Once a person has been convicted of an offence, the Court in all criminal proceedings has to decide on the appropriate sentence. Leading up to this decision, the Court will hear from both the Prosecution and the Defence. The Prosecution will typically submit a sentence that is apt in their view. The Defence is then entitled to make a plea in mitigation.
We shall cover the following topics in this article:
- What is a Mitigation Plea?
- Types of Mitigating Factors
- What Mitigating Factors Should You Use to Get a Lighter Sentence?
- 2 Mistakes to Avoid in Mitigation Pleas
- What Your Criminal Defence Lawyer Can and Should Do For You
What is a Mitigation Plea?
A mitigation plea is the Defence’s submission of facts, caselaw, and sentencing benchmarks to the Court in an effort to secure a lighter, or more lenient sentence for the accused person.
A mitigation plea is usually delivered orally in Court, and may be supported by a written mitigation plea. Here at IRB Law, we strive to furnish the Court with a written mitigation plea, because it provides structure, is useful to the Court, and most importantly, gives the Court more time to carefully consider the facts in support of a lighter sentence.
The Prosecution typically raises aggravating factors in its submissions – factors that support a heavier sentence. The Defence usually tries to soften the blow of these aggravating factors and highlight mitigating factors to the Court to secure a lighter sentence.
Types of Mitigating Factors
Mitigating factors can generally be divided into two broad categories:
- specific mitigating factors; and
- personal mitigating factors.
Specific mitigating factors are factors that would reduce the seriousness of the particular offence committed. These include factors like the nominal (or minor) nature of the loss or damage suffered, the fact that the accused person was only an accomplice, the fact that the accused was provoked, etc. These specific mitigating factors are very wide-ranging and highly specific to each particular offence being dealt with by the Court. A skilled defence lawyer should be able to canvas the caselaw and sentencing benchmarks and practice to identify the exact mitigating factors appropriate for it to raise to the Court to obtain a lighter sentence for his clients. Specific mitigating circumstances may differ from offence to offence and shall not be considered at length in this article.
Personal mitigating factors, on the other hand, are more specific to each accused person before the Courts. We shall discuss this in the following section.
What Mitigating Factors Should You Use to Get a Lighter Sentence?
The following is a list of factors normally raised in criminal defences in Singapore. Do take note that the list of factors presented is not exhaustive and may differ from case to case. We also highlight factors that are not normally accepted as mitigating factors by the court in criminal proceedings. Nevertheless, in exceptional circumstances, and especially with the right criminal defence lawyer making the mitigation plea, the Court may take these factors into account in meting out a lighter sentence.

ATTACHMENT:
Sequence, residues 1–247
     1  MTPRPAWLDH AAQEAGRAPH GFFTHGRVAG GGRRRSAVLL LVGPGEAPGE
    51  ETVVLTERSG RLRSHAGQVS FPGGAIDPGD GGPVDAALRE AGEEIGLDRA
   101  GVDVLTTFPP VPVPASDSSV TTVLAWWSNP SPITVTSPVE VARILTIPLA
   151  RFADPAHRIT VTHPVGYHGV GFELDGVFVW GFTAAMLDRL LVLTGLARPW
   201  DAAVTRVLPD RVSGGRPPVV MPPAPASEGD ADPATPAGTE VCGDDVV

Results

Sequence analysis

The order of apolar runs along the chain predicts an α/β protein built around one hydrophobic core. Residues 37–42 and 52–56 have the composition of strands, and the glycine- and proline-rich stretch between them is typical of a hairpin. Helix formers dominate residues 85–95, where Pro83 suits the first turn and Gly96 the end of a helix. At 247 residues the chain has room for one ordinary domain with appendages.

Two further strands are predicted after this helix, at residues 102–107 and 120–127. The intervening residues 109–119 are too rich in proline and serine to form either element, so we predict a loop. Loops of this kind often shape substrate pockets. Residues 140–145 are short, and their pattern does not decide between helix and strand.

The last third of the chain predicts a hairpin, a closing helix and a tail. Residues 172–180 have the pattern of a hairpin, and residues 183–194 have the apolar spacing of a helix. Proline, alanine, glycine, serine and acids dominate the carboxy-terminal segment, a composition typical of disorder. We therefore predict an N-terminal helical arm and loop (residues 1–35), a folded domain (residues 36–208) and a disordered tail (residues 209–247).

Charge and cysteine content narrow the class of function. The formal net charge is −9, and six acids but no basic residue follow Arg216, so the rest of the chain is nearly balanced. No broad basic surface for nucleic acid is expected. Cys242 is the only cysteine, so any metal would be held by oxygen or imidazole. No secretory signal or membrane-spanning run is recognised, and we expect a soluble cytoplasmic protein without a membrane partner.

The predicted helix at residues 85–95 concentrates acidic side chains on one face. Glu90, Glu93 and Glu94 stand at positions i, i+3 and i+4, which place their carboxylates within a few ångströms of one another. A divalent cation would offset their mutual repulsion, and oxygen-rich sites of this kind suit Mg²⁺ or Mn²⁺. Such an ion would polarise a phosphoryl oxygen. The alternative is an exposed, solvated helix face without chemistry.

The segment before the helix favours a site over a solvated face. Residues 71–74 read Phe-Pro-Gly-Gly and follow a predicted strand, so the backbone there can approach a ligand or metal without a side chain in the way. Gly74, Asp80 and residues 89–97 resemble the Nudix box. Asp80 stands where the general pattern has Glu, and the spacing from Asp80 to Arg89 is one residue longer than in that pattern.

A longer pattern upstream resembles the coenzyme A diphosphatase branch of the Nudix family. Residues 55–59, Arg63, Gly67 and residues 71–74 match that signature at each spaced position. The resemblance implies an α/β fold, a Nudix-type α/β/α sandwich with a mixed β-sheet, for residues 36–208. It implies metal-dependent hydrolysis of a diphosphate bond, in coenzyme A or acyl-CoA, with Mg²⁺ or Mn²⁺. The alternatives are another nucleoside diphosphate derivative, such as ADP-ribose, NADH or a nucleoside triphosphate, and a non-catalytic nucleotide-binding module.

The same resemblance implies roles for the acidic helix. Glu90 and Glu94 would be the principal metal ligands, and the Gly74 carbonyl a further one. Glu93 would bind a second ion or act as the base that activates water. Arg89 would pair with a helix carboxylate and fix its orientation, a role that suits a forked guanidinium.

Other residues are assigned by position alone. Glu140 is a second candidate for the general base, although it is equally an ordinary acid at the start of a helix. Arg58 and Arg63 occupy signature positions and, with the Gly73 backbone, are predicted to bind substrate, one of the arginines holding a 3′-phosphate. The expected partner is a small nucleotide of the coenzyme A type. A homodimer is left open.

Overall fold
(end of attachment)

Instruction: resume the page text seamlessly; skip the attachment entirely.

The accused person’s background:
The defence usually presents facts that
- explain (not excuse) the accused person’s offence. This could include the person’s childhood, his family, lack of proper upbringing, lack of education, etc., and
- show that the current offence is an anomaly and a deviation from the accused person’s usual good conduct and character.
Do also take note, as explained in “Equality in Sentencing“, that the following factors are not considered mitigating factors:
- social status and standing, and
- good education and prospects.
The accused person’s character
Here, the Defence highlights previous good character to persuade the Court that the accused person will not repeat his mistakes. Points frequently highlighted are:
- the lack of prior convictions (first-time offender) and general character traits.
- Notable social contributions and/or distinguished public service
Attitude and behaviour after the offence has been committed
The Defence usually highlights factors that show that the accused person is genuinely remorseful and repentant and whether he is willing to make amends (to the victim and society at large). Facts typically raised are:
- An early plea of guilt – this suggests remorse and is a significant mitigating factor.
- Cooperation with the investigators and the authorities.
- Voluntary surrender to the authorities.
- Volunteering information to the authorities on other offences and/or offenders.
- Restitution – paying the victim some compensation, returning stolen goods, etc.
- Young offenders: Convicted persons below the age of 21 with no prior convictions are usually dealt with less strictly by the Courts because rehabilitation is considered most apt for young persons. Imprisonment is the last resort.